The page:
No shell game. Legislative language to “require millions of business entities to reveal their [true] owners to the federal government” has been finalized and likely will be included in the NDAA after Members of Congress and an incredibly broad coalition of progressive organizations and conservative business interests reached an agreement. The final hurdle is the conference committee (and that Sen. McConnell doesn’t want a vote on the bill because it would remove the confederate names of military installation, which could affect the senatorial races in Georgia.)
Transparency 2021. A group of organizations released a 91-page report with recommendations for improving government accountability. The executive summary starts on page 9 but you should look to the individual chapters for action items. We are also looking to the Transparency in Government Act as a source of many good ideas already transformed into legislative language, and we have our list of pending good government bills.
Sen. Perdue should work as a professional stock picker. The AP has surfaced yet another set of unusual trades, to the say the least, where he sold more than $1m of Cardlytics stock on Jan. 23 at $86/share and then bought $200k+ worth in March at $30/share; the stock is now worth $121/share. While Perdue is close to the company officials, AP notes “there is no evidence that Perdue” “acted on information gained as a member of Congress or through his long-standing relationship with company officials,” although they quote a securities expert who describes the trades as “suspicious.” DOJ is investigating….
ODDS & ENDS
The President of the Senate is not the 4th branch of government, but plays an unusual role in our political system. Tony Madonna explains how the Veep historically played an anti-majoritarian role in the upper chamber, and how control over debate led to the “right” of first recognition.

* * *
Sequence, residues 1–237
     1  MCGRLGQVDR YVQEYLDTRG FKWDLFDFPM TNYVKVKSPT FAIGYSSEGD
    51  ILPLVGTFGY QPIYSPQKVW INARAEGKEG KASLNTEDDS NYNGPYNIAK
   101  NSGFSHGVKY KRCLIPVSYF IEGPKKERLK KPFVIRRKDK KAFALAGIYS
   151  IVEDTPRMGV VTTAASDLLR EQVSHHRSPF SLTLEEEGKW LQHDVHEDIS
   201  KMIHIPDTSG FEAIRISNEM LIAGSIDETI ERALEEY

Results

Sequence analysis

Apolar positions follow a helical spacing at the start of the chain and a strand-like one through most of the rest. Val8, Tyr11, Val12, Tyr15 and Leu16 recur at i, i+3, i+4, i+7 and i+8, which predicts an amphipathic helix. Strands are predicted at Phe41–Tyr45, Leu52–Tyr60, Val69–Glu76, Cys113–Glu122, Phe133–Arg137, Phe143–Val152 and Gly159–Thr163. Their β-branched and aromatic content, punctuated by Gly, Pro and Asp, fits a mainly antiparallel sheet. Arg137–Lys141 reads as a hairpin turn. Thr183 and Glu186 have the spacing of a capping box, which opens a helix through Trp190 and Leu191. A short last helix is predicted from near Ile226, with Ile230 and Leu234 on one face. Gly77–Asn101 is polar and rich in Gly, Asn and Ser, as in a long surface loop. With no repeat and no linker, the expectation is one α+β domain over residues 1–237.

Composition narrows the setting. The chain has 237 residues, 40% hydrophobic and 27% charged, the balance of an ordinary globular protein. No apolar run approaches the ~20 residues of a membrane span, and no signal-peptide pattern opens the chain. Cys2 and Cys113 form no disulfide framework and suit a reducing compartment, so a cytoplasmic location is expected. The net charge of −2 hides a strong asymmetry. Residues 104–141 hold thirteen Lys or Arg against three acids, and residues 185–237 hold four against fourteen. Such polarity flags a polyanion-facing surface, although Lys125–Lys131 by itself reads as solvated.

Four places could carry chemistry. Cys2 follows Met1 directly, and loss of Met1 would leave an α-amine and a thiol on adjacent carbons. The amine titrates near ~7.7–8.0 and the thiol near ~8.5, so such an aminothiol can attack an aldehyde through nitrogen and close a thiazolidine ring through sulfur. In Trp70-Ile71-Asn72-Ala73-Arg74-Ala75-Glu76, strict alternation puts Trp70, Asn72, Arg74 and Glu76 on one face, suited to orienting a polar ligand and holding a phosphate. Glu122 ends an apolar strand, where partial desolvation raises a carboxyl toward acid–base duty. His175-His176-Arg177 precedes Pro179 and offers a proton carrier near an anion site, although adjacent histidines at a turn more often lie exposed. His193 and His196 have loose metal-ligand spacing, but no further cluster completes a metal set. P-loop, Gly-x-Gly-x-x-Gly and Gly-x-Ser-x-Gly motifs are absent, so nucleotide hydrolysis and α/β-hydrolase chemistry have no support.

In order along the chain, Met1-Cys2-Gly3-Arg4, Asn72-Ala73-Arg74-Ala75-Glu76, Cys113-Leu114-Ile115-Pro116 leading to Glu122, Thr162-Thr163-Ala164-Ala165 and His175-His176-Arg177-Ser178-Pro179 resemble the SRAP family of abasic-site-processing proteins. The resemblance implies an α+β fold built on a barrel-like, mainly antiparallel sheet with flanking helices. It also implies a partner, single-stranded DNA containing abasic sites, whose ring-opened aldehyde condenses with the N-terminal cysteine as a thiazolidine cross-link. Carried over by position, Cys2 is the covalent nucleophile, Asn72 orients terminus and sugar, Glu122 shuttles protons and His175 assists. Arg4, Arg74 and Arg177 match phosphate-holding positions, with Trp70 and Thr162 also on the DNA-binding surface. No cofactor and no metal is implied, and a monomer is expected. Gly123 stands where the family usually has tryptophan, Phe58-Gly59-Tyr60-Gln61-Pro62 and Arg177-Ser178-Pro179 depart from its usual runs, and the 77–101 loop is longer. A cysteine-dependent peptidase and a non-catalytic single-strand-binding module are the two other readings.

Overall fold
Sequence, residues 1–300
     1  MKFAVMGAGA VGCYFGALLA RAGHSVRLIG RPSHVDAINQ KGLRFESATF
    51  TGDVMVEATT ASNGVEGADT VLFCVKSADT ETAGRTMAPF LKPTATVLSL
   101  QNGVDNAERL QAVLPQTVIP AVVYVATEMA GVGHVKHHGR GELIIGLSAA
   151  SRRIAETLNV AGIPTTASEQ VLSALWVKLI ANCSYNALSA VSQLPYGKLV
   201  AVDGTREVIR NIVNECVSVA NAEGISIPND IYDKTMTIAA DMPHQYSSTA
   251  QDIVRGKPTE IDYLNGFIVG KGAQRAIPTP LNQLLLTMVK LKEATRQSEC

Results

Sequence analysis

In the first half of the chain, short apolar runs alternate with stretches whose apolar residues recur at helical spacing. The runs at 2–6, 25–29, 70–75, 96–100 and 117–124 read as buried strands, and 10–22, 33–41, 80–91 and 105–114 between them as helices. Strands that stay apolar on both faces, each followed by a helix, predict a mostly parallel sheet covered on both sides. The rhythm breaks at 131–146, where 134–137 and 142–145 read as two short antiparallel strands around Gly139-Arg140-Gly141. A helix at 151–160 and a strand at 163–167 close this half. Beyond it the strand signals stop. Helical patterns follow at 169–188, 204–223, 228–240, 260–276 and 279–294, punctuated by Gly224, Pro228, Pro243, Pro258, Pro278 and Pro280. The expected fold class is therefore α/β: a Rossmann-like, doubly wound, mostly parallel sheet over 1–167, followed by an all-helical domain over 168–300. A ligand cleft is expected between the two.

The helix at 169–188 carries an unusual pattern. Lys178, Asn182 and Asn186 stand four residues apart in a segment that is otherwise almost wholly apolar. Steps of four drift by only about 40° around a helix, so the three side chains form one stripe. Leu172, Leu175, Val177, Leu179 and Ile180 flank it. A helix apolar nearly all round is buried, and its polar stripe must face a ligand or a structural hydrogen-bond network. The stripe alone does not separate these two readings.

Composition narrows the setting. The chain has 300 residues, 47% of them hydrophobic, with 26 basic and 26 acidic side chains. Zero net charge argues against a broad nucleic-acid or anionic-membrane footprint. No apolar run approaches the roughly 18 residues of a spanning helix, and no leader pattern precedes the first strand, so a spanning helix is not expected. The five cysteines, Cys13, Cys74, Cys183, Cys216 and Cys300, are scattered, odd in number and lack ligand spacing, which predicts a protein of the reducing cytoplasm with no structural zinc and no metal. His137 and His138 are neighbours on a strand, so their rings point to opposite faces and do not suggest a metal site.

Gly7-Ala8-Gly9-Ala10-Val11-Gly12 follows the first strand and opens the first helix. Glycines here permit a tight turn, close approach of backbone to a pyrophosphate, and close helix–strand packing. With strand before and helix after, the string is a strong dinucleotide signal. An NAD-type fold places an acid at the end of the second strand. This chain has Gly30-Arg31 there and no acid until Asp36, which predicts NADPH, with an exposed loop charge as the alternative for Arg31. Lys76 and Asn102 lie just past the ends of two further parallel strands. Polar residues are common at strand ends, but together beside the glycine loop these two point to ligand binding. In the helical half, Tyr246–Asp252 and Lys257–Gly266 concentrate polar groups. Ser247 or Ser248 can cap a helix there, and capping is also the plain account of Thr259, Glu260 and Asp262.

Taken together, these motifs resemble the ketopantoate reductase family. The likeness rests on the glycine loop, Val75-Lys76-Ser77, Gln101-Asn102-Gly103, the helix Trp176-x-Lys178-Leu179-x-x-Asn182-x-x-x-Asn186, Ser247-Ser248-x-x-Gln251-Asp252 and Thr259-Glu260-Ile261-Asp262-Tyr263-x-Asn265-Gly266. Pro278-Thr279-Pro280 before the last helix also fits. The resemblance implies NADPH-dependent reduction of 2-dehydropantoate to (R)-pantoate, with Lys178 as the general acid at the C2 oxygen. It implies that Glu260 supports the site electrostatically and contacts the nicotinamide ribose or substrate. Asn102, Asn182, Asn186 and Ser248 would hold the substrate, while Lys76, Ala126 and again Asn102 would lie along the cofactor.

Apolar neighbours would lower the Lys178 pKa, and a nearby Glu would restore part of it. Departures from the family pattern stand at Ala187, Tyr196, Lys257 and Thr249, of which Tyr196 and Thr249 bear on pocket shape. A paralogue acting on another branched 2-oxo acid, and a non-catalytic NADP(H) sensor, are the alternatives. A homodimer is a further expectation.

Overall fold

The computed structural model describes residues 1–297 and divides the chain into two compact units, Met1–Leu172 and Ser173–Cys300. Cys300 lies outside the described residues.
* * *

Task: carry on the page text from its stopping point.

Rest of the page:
How can parliaments scrutinize the executive? The Commonwealth Parliamentary Association released a model law to create a corporate body that represents the needs of all MPs and oversees the institution of parliament (including its support entities). FWIW, the US model largely does not have a joint oversight body and many support agency heads are appointed by the president. (It’s not available yet, but we are excited to watch the CPA’s discussion on parliaments during COVID.)
If the law is not public, it is not the law. Carl Malamud of Public Resource has an interesting new video on the rule of law.
Inaugural tickets… how do they work?
Come on, GPO, it was only just Thanksgiving.
The House and Senate Committee calendar is here; here are the announced proceedings on the House floor and Senate floor. Note: the House floor won’t begin votes until Wednesday night and members are requested to stay in DC through the weekend because of pending government funding, COVID, and NDAA legislation.
FOIA Advisory Committee meeting on Thursday, 12/10 from 10 a.m. to 1 p.m. ET. RSVP here by 12/8. On the docket: a briefing on FOIA and classified records.
New Member orientation:
• December: Official House Orientation continues November 30 – December 5; the Tech, Science, and Data Cohort presents “First Branch Technology, Science and Data Virtual Orientation Day,” on December 9, 11-5 ET; the Article One Coalition presents “Embracing Article One: Congressional History, Powers and Oversight” on December 10, 12-2 ET; the Congressional Management Foundation presents “Life in Congress: What to Expect for You, Your Staff, and Your Family,” on December 16, 12-1:30 ET.
• January: the Congressional Management Foundation will also host “Setting Up a Congressional Office,” on January 15, 12-1:30 ET; “Hiring a Diverse Staff,” on January 22, 12-1:30 ET; and “Setting Up a Scheduling Operation,” on January 29, 12-1:30 ET.